“Historically, technicians were required to flip through a 1,000-page manual while conducting very complicated repairs,” says Marc Schuetz, vice president of augmented reality product management at PTC. “With the emergence and adoption of AR, technicians can now leverage the digital twin in an easier way to visually walk them through any potential repairs. Being able to overlay such information provides the context to help technicians understand why the repair is necessary and how to perform it fast and safe.”
AR promises to enable design and development teams to transcend diverse differences of expertise and functional concerns. This translates into making data more accessible to all stakeholders.
“AR gives stakeholders across all disciplines greater access to digital twin data,” says Schuetz. “While previously someone could have gone back to their desk to look something up or review a manual, now using the devices they already have on them, they can access the right guidance, based on the context of what they’re looking to accomplish. The ease of getting the right information, in the right way, for the right context results in the data being more accessible to users.”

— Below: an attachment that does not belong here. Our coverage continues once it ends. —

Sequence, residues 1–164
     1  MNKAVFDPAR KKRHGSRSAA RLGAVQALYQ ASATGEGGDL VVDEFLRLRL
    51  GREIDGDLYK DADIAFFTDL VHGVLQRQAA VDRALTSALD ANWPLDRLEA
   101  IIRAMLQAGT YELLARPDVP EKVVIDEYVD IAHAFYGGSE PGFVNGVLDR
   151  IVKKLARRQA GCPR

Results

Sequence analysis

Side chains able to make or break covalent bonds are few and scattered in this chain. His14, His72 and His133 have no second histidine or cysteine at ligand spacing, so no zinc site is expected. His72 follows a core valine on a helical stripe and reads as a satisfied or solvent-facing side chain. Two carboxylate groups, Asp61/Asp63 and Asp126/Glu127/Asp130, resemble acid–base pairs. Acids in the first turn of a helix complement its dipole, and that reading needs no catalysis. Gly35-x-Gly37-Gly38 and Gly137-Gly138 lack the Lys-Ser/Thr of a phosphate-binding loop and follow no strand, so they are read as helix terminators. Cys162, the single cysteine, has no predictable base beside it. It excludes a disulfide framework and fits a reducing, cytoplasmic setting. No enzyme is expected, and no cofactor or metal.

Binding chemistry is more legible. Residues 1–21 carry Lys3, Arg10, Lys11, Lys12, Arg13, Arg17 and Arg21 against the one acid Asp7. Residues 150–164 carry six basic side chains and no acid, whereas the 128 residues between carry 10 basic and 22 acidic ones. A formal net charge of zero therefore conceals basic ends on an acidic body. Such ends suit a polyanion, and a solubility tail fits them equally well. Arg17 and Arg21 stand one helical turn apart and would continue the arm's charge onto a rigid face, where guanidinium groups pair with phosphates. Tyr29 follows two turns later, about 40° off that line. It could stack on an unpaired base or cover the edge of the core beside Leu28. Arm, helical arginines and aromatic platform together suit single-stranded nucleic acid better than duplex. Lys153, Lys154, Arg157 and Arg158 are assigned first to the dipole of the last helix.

Though the convergence of digital twin, AR and VR is still in the early days of the evolution, signs do point to a path the trend will follow.
Visualization and PLM tools supporting digital twin appear to be evolving from stand-alone platforms to interconnected suites of tools. The complete representation of an asset required by digital twin, consisting of multiple data sources available at any time, requires an integration of technologies for communication and content distribution.
“Data visualizations with CAD tools or AR or VR systems do not inherently need to be distinctly different from the user’s standpoint,” says Baron. “The goal is to have the digital twin process deliver the visualization platform requested by the user. This would realize efficiency improvements in having a single source of truth in data to resolve system-to-system interfaces for product and process issues.”
The need for data integrity will play a leading role in shaping the architectures of digital twin-visualization suites.
“Integrating PLM with other software tools helps to ensure all around data integrity, allowing for the correct view of the digital twin and ensuring all stakeholders can participate in the product lifecycle,” says Knoll. “We are seeing a significant uptick of customers extending the usage of VR with desktop applications tightly integrated to the PLM system, as well as establishing processes that allow the use of AR driven by the PLM system.”